The editorial ''The Walesa Question'' {June 26} gives a distorted view of the complex picture of Polish politics. It dismisses Lech Walesa as ''yesterday's man,'' ''personally detached'' and ''second-guessing from sidelines.'' It is amazing that such a detached person was the only one influential enough to settle the potentially dangerous railway strike last month. And ''yesterday's man'' could again be tomorrow's hero if industrial unrest once more erupts. Mr. Walesa was recently reelected head of the Solidarity labor union -- a two-thirds majority of the Citizens Committee membership has apparently not rejected his leadership, among whom are other ''political heavyweights.''

It is true that the people must decide how they should be ruled, but Mr. Walesa's calls for early parliamentary elections does not contradict this principle. In fact Poland is now the only country in Eastern Europe that has not staged fully democratic national elections. It is clear that Solidarity is splitting and changing. This is not necessarily a bad thing if it gives birth to a pluralistic political system where conflicting opinions can be voiced and differing solutions offered. This is what makes a real democracy, and Poland's future ultimately depends on it. AIMEE L. BRESLOW Washington A public dispute among prominent Polish Solidarity figures, highlighted in The Post {editorial, June 26 and Rowland Evans and Robert Novak, op-ed, June 29}, should not scare off anyone. It is an exercise of hard-won democracy. With a sigh of relief, the Poles, whose perseverance in the pro-democratic struggle has earned them worldwide recognition, can now free themselves from the sometimes uncomfortable unite-behind-the-leader imperative of the communist martial law period. Serious policy differences do not have to be resolved during secret meetings of the underground movement any more.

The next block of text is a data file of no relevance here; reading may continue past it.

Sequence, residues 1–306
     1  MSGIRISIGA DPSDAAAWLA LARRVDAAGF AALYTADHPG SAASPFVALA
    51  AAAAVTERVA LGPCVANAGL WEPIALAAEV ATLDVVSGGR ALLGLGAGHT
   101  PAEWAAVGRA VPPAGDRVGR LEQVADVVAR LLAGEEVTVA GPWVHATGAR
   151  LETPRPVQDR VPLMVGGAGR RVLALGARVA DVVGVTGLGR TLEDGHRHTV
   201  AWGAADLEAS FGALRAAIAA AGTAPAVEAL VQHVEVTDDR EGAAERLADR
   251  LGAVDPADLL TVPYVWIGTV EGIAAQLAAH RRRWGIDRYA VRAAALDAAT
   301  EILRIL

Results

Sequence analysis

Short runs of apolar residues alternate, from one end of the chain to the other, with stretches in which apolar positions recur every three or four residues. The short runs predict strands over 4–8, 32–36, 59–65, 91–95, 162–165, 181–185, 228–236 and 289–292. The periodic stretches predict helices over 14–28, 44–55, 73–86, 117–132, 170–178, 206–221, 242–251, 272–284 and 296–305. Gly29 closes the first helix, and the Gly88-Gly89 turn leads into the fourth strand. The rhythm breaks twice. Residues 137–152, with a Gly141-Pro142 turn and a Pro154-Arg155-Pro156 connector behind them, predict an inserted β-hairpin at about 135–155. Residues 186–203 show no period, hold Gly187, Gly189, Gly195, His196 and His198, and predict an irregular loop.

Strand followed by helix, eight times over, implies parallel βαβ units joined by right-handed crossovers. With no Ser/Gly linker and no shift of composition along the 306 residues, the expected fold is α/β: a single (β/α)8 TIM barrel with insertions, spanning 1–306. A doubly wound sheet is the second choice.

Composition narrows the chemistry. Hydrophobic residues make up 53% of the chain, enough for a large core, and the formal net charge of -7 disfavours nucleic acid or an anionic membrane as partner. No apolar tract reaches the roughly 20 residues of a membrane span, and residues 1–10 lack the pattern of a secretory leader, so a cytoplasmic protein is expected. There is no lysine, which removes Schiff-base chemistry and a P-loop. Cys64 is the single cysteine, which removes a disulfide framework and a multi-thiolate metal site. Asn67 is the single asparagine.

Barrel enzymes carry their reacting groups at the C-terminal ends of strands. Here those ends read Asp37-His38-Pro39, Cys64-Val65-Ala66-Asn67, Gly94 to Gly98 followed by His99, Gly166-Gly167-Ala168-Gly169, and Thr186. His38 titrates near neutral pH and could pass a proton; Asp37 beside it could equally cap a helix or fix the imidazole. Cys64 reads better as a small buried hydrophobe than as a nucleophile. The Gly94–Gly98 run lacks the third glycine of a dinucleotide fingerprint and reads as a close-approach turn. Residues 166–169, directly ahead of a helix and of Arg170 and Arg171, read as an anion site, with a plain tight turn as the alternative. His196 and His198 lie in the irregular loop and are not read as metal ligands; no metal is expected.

Mr. Evans and Mr. Novak suggest that a disagreement between Lech Walesa and his critics "won't help foreign investment," but I am confident that American businessmen and women can distinguish between anarchy and democratization.

Every country that gains, or regains, its independence debates its past, present and future. Every democratic society occasionally lives through spectacular political realignments. Emotional debates, huge rallies, marches, even widespread strikes happen and do not necessarily destabilize democracies in North America and Western Europe. Every nation consists of individuals of various political orientations. Why should Poland be different?

I emigrated from Poland in 1981, and I know the country is full of skilled blue-collar workers and educated, creative professionals looking for sensible employers. This to any prospective foreign investors should be more important than Mr. Walesa's personal ambitions. MARCIN ZMUDZKI Arlington